Are Humans the Enemy? In Time for Wesley Smith's <em>War on Humans</em>, It's Darren Aronofsky's <em>Noah</em> - Evolution News & Views

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Are Humans the Enemy? In Time for Wesley Smith's War on Humans, It's Darren Aronofsky's Noah

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I had been wondering what Paramount Pictures could be thinking in its choice to spend $125 million on Darren Aronofsky's Noah, with Russell Crowe in the title role. If Hollywood invests that much money in a film about a Biblical character, they've got to have something up their sleeve.

Now I think I know what that might be. The Hollywood Reporter quotes an unnamed source who attended a test screening and came away complaining about the film's anachronistic focus on "modern-day problems like overpopulation and environmental degradation." Ah hah. In other words, the story has been updated. The theme is God's, or perhaps simply the planet's, war on humans. And this time the devastating flood is a response less to moral than to environmental crimes -- or that's my guess, anyway.

The film is out March 28, and that's almost right on time because next week we're looking forward to the release of the Discovery Institute documentary The War on Humans accompanied by Wesley Smith's e-book of the same name.

Fantasies about how the Earth strikes back at humanity for overpopulating our world and degrading the environment are great favorites with the folks that Wesley writes about in the book and reports about in his National Review blog, "Human Exceptionalism."

As he says in The War on Humans, they relish the prospect of the "profound ills to fall upon the human race as a matter of the Earth's self-defense." More:

Most notoriously, University of Texas evolutionary biology professor Eric R. Pianka was accused of yearning for an ebola or similar viral pandemic with a 90% kill rate to cure human overpopulation. Pianka denied the charge, claiming he actually predicted that potential catastrophe, rather than hoping for it to come to pass. Since the speech was only partially recorded, we will probably never know whether he hoped for human near-extermination or merely warned that it was coming.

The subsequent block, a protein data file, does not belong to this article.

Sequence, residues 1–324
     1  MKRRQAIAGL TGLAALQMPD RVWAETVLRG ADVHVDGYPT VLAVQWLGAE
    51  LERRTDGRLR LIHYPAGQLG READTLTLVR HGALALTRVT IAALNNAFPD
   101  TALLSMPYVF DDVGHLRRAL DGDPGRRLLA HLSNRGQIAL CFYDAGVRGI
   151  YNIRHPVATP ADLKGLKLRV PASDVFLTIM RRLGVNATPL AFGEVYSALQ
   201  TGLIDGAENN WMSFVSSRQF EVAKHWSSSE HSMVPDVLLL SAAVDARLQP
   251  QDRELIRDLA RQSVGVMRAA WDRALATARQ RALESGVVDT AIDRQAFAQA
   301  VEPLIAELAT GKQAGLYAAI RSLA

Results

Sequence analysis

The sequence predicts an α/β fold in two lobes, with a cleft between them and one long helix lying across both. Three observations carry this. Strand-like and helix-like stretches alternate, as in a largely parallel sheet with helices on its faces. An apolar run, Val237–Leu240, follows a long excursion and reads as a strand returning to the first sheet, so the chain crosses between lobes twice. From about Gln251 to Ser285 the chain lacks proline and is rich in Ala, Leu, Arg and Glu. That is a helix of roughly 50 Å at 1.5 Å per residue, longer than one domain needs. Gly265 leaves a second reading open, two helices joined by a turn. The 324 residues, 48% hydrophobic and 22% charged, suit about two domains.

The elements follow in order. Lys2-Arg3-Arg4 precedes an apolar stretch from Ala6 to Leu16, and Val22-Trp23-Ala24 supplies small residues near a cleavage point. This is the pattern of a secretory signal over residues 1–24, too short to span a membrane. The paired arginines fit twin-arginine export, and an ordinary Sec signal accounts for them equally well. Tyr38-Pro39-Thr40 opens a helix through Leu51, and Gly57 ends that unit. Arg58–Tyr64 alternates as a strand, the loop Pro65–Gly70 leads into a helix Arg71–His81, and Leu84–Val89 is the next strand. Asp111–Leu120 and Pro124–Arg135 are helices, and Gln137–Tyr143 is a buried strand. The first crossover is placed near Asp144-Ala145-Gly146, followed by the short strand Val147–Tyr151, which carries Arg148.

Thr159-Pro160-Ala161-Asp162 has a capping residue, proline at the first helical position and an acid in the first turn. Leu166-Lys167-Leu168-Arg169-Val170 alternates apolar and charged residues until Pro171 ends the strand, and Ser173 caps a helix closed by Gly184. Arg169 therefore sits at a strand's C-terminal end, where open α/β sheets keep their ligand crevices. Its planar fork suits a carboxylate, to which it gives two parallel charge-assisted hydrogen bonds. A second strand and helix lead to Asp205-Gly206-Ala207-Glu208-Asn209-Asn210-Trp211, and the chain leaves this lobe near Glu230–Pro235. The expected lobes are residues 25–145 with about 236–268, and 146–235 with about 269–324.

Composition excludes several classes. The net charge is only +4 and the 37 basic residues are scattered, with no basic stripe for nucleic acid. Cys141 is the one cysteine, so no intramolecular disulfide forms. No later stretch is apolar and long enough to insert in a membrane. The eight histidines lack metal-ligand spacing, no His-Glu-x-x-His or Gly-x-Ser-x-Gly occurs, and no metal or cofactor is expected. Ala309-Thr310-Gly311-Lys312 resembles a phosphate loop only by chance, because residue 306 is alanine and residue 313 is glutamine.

Yet, even in the published version of Pianka's speech, he clearly advocates the deconstruction of modern civilization (my emphasis):

Our economic system based on continual growth must be replaced by a sustainable system where each of us leaves the planet in the same condition that it was in before we were born. This will require many fewer of us and much less extravagant lifestyles. We won't be able to move around so freely (airplanes will become a thing of the past) and we will have to go back to walking and riding horses. In addition, humans will have to be more spread out, living without big cities. Before it is all over, we are going to have to limit our own reproduction, un-invent money, control human greed, revert back to trade and barter, and grow our own crops, among other things.

Again, shades of The Day the Earth Stood Still: Pianka's anti-technology advocacy would cause billions of human casualties.

Aronofsky has previously said:

I think it's really timely because it's about environmental apocalypse which is the biggest theme, for me, right now for what's going on on this planet. So I think it's got these big, big themes that connect with us. Noah was the first environmentalist.

An "environmental apocalypse" with humanity all but wiped out because of "what's going on on this planet." Noah is the "first environmentalist." There you go.

The documentary premieres online, and the e-book goes on sale, on February 17. Find the trailer below, and the Noah trailer -- which also admittedly looks pretty cool -- immediately below that.

I'm now on Twitter. Find me @d_klinghoffer.


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